Estonia, the only country in the world where voters elect their leaders through online balloting, is taking steps to fend off potential hacking attacks as cyber-security fears intensify. A software overhaul for the system, introduced in 2005, is ready for testing before local elections in October, according to Tarvi Martens,…

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Computer expert: Some voting machines can be directly hacked

Source: National Cyber Security – Produced By Gregory Evans

Computer expert: Some voting machines can be directly hacked

A computer science professor told the Senate Intelligence Committee Wednesday that voting machines that create an electronic record of the voters’ decisions are open to fraud and computer hacking, vulnerabilities that are big enough to potentially change the outcome of some elections. J. Alex Halderman, professor of computer science at…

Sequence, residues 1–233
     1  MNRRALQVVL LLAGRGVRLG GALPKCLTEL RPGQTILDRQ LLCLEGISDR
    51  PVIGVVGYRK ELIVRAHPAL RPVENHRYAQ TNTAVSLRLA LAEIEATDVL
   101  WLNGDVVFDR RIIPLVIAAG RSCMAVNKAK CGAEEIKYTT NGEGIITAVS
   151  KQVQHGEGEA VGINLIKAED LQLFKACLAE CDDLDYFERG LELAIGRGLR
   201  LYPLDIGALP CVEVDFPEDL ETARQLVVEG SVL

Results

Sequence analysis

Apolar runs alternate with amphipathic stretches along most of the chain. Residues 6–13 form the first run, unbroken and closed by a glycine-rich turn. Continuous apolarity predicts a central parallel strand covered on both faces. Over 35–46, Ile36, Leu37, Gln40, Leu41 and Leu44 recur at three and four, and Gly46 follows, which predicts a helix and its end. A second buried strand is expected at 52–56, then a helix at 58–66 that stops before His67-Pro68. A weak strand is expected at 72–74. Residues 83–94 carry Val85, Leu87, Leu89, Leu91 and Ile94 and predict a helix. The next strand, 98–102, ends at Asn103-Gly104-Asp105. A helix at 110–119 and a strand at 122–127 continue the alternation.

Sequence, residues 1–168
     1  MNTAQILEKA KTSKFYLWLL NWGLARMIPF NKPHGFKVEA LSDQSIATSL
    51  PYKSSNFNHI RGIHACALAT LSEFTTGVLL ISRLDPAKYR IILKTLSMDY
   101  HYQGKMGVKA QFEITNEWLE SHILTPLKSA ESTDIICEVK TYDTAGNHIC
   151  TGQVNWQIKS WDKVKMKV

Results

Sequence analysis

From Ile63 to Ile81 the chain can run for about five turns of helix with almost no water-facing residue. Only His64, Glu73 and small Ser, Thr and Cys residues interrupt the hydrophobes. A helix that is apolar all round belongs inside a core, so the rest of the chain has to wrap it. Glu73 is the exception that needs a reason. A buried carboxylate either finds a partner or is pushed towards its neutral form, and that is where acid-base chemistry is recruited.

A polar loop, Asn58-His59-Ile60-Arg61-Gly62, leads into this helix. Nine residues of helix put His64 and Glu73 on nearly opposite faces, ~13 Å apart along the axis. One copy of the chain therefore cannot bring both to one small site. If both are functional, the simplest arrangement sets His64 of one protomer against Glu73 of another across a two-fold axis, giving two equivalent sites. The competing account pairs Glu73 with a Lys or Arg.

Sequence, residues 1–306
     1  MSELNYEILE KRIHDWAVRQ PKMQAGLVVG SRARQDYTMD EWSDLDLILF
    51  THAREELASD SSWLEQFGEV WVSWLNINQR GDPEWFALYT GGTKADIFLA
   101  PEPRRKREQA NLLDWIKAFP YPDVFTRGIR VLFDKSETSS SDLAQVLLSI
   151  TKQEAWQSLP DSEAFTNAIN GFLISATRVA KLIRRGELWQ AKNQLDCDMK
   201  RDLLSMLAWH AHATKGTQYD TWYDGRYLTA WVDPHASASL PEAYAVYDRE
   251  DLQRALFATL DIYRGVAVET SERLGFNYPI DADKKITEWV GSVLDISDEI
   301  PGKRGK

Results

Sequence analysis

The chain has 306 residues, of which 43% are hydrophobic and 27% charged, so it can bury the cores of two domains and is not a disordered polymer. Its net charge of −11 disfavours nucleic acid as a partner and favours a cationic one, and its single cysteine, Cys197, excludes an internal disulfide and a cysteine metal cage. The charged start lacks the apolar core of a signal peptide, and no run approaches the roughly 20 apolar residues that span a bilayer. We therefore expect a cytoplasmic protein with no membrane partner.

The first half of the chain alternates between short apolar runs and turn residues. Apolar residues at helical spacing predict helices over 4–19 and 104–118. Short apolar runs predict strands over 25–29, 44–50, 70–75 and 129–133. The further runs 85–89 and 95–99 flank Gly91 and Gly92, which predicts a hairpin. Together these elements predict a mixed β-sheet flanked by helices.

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Hackers attacked 4 Florida school districts, allegedly hoped to hack voting systems

To Purchase This Product/Services, Go To The Store Link Above Or Go To http://www.become007.com/store/ Source: National Cyber Security – Produced By Gregory Evans We’ve heard a lot about Russians attackers attempting to hack the US election, but another hacking group also allegedly wanted to interfere …

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Massachusetts voting system not vulnerable to hacking, officials say

Source: National Cyber Security – Produced By Gregory Evans

Massachusetts voting system not vulnerable to hacking, officials say

From inside a vault, Northboro town clerk Andy Dowd pulled out a vote-counting machine. It has buttons and a screen like a computer, but no connectivity cables. “Right now, (with) our option there’s no way to connect this to the internet,” Dowd told WCVB. As with all voting-counting machines in…

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Computer scientist says S.C.’s voting system makes hacking difficult

15-1218-voting

Source: National Cyber Security – Produced By Gregory Evans

Computer scientist says S.C.’s voting system makes hacking difficult

In this election season amid concerns of hacked election data and possibly “rigged” elections, an examination of the South Carolina elections system should give us assurance in the integrity of our elections. Although our system is not without